‘Second level verification of new GST registrants welcome’

Vinson Kurian Thiruvananthapuram | Updated on June 24, 2020

But Kerala GST Department needs to be cautious, says expert

The move of the Goods and Services Tax Department, Kerala, to adopt second level verification of new GST registrants, as reported by BusinessLine, is an innocuous but significant move to plug tax evasion, says a public finance expert. It becomes all the more appealing given that Kerala happens to be a den for tax evaders, says Jose Sebastian, former Senior Faculty, Gulati Institute of Finance and Taxation (GIFT), Thiruvanathapuram.

Kerala accounted for 4.54 per cent of the taxes collected by all States put together during the 10-year period 1957-58 to 1966-67. Its share marginally increased to 4.64 per cent during 2007-08 to 2016-17. This is despite the fact that it had climbed up from the eighth position in per capita consumer expenditure among major States in 1972-73 to number one in 1999-2000. “Obviously, there is a strong case for plugging loopholes in the tax administration system,” Sebastian told BusinessLine here.

Expectations mostly belied

“There was lot of expectation that with the implementation of GST, tax evasion would come down drastically since it is an IT-based tax system which allows minimum interface between taxpayers and tax administrators,” notes Sebastian. Voluntary tax compliance is the hallmark of GST.

The underlying assumption of any tax system relying on voluntary tax compliance is that the administration is in possession of details relating to the taxable transactions of taxpayers. ‘Comply voluntarily, or else you will be forced to comply with, often with a penalty’ is the dictum of tax administrations relying on voluntary tax compliance.

It was expected that the invoice matching provision of GST legislation would make tax evasion difficult, if not impossible, Sebastian said. Invoice matching entailed submission of several returns and it was this provision that created havoc in the initial months with GST implementation.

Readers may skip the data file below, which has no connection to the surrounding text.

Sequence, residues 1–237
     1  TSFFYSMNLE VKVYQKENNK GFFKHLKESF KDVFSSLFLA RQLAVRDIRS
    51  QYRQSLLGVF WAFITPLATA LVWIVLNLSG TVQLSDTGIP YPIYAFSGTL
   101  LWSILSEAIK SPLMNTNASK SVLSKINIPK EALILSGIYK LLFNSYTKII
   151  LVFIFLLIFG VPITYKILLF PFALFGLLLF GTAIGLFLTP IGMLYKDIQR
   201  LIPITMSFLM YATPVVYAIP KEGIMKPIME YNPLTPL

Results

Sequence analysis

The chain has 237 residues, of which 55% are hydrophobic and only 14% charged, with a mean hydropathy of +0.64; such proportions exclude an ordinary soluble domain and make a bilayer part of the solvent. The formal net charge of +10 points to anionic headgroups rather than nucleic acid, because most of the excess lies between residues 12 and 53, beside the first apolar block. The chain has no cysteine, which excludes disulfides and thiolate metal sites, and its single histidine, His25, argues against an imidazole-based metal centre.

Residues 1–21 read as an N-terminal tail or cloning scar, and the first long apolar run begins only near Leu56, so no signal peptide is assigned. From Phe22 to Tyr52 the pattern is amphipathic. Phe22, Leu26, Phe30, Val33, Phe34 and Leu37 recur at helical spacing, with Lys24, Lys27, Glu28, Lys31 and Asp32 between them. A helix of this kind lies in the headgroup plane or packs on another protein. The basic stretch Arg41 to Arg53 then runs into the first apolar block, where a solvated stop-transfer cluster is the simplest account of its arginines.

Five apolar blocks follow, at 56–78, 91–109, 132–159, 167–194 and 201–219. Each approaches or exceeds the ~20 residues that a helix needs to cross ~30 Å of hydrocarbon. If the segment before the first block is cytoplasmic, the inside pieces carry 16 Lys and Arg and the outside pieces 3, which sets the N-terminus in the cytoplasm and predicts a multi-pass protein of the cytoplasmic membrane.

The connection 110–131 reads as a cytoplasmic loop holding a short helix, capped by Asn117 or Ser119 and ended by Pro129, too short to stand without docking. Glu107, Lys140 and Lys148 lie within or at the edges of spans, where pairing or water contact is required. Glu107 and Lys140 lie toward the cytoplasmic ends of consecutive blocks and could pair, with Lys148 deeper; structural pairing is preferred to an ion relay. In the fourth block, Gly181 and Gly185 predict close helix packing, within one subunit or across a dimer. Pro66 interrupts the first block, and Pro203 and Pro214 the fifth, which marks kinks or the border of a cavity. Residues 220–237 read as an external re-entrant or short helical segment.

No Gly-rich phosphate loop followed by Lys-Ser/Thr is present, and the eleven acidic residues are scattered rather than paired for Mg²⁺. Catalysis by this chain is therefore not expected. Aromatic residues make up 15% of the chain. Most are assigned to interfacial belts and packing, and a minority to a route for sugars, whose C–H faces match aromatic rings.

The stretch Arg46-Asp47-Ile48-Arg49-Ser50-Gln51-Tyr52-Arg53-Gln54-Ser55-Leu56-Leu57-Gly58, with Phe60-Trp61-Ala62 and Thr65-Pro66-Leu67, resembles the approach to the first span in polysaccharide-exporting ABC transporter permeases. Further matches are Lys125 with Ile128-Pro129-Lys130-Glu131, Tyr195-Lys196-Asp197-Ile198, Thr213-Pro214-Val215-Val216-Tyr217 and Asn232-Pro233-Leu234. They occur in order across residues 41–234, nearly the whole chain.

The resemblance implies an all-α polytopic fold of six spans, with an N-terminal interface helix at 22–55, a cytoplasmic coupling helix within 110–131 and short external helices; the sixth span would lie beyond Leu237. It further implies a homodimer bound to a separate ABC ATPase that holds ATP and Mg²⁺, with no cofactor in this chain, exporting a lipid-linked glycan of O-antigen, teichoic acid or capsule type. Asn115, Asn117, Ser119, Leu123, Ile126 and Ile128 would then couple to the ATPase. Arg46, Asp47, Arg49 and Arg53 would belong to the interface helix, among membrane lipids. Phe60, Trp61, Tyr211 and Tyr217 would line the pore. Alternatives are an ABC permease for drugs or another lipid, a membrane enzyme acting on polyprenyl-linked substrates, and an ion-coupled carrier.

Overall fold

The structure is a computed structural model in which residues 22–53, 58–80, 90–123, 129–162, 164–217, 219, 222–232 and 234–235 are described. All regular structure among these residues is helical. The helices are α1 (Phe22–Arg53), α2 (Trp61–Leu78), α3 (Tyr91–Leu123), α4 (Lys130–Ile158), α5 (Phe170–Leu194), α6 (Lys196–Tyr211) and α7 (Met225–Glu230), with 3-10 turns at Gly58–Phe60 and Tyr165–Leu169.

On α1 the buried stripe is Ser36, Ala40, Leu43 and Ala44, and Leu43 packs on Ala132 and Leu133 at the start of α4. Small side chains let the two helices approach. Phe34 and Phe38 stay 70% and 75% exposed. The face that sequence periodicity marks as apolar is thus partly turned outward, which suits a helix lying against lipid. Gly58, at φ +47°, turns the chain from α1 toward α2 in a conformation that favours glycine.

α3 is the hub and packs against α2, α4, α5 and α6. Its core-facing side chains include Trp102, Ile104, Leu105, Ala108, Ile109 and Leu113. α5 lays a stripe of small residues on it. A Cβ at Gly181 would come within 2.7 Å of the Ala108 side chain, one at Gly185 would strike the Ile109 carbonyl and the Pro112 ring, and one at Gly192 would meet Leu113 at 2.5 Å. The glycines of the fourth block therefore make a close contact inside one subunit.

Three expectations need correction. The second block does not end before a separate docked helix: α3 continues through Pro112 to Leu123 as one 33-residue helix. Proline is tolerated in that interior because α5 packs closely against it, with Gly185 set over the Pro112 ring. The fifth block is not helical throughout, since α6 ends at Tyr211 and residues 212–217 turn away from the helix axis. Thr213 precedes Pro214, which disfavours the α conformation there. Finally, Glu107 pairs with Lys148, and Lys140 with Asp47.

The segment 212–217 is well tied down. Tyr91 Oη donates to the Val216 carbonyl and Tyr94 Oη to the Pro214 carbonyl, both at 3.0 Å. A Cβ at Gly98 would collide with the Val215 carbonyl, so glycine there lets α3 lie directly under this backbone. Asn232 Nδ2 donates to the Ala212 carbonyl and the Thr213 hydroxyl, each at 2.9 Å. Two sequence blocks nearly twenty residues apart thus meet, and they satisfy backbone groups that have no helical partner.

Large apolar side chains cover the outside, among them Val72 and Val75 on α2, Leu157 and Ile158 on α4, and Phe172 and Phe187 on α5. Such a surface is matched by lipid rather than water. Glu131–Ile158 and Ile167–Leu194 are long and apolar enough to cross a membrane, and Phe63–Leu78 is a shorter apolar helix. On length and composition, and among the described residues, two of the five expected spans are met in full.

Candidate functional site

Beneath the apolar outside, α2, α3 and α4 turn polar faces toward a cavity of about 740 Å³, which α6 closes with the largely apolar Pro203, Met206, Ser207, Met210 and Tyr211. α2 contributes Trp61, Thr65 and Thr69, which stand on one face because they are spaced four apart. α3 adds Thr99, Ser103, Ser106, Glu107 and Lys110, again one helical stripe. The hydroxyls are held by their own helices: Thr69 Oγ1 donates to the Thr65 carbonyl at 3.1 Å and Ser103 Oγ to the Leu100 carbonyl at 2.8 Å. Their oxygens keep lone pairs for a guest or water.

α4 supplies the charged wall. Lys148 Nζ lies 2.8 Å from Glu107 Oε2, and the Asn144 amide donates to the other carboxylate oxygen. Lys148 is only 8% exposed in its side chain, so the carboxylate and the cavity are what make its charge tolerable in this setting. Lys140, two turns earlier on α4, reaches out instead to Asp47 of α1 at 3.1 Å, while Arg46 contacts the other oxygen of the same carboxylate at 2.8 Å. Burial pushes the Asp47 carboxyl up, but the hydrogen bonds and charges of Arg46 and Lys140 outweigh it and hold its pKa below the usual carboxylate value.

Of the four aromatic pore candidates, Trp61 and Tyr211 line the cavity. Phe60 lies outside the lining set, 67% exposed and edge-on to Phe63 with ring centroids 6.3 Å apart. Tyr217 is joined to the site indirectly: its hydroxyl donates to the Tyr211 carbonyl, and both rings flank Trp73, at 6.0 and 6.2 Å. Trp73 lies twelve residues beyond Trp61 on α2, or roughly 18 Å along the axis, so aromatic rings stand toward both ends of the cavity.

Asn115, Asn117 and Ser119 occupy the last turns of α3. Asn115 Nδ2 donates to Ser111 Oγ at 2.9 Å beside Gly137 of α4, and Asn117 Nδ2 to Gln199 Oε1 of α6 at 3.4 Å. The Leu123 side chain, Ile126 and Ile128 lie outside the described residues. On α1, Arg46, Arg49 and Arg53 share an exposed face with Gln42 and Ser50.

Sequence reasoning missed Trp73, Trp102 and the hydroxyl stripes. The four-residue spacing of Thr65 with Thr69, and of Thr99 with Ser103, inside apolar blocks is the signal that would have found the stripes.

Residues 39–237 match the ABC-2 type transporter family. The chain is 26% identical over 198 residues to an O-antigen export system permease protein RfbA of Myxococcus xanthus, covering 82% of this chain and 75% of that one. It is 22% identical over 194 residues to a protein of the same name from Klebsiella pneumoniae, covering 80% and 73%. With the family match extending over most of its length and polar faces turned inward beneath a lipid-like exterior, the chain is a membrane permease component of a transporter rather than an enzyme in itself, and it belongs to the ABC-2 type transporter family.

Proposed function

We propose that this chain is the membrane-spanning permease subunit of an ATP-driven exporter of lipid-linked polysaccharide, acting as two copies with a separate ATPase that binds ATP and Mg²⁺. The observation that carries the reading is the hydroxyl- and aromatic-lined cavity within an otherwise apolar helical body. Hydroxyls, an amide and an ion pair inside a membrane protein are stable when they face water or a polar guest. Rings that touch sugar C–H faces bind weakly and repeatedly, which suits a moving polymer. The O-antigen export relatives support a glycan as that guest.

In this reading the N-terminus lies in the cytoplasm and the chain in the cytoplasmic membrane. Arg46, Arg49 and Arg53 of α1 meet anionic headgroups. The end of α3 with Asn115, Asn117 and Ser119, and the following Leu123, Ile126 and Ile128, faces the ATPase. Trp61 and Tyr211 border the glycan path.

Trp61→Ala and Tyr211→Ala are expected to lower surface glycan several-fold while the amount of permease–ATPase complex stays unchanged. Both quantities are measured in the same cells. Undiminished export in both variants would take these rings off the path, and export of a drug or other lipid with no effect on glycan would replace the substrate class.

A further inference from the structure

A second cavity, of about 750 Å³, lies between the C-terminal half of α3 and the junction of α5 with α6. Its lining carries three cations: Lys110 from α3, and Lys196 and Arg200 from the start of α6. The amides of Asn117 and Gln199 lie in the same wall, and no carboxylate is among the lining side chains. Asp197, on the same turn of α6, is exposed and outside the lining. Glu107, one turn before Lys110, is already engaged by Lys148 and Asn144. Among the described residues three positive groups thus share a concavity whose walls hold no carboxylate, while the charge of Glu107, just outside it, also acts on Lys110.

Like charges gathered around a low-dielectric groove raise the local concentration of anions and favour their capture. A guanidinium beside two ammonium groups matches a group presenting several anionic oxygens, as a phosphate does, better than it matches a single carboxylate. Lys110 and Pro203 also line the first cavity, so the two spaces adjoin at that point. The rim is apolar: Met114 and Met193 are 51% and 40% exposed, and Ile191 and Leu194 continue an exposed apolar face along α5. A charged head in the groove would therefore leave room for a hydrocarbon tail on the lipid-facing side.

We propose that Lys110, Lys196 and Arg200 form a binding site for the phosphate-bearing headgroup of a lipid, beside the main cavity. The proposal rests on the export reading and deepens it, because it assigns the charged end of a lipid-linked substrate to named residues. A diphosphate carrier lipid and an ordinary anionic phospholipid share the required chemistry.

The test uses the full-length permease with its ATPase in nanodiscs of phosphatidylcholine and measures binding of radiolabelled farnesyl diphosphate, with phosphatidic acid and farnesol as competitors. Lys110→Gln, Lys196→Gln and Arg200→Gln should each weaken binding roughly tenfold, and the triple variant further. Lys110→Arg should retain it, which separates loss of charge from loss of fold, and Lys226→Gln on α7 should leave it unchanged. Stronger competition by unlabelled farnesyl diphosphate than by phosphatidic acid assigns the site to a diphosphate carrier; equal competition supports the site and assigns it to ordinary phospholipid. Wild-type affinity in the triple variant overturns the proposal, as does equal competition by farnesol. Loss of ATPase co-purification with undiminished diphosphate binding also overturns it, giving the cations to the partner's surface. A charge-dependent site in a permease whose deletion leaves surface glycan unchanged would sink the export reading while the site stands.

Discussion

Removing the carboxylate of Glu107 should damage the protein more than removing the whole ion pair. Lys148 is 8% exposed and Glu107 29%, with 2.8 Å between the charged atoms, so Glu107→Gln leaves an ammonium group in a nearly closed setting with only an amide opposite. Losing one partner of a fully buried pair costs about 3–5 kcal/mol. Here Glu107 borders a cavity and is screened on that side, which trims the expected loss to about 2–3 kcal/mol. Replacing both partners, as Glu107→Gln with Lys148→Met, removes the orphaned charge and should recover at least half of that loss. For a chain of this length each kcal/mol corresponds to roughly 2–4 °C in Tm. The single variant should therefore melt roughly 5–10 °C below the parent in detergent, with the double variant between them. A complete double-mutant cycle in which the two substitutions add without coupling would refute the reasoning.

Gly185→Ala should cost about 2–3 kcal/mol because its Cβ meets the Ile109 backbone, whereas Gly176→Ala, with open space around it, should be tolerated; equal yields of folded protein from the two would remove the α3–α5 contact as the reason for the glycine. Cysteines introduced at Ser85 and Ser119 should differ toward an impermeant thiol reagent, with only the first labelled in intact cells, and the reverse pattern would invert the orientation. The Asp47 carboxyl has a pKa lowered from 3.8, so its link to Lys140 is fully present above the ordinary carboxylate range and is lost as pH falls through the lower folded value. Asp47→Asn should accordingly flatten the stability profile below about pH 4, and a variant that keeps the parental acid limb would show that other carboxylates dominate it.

Too ambitious a target

Ultimately, the GST Council had to scrap the provision of submitting relevant returns at least for the time being. Invoice matching is an exceedingly demanding requirement, he observed. Not all developed countries could introduce foolproof invoice matching systems.

This being so, in a complex country like India, it is too ambitious a target to achieve in the short run. But, this has admittedly deprived tax administrators a major tool for preventing tax evasion. Unscrupulous taxpayers are now having a field day, being fully aware of this handicap.

There is a pressing need to identify fake and benami registrations, says Sebastian. But efforts to achieve this should not be a disincentive for genuine people to get registered. In fact, it is in the best interest of the tax administrators that as many businessmen as possible are brought within the tax network.

Fake registrations

It should be noted that the tendency to avoid getting registered is the rule and fake or benami registrations are the exceptions. “The effort to uproot the weed should under no circumstance lead to uprooting of the plant itself,” said Sebastian.

Empowering officers with discretionary powers to determine whether a registrant is genuine or benami may open avenues for harassment and corruption. “It is better to lay down objective criteria to identify benami or fake registration. A better way would be to visit those registrants in whose case the department has firm data and evidence to doubt the bona fides of the registrant.”

For this purpose, the department has to develop an information system independent of the details provided by the registrants. It is here that institutions like GIFT can play a constructive role, notes Sebastian. Researchers with years of experience here could be roped in to develop an information system.

Published on June 24, 2020

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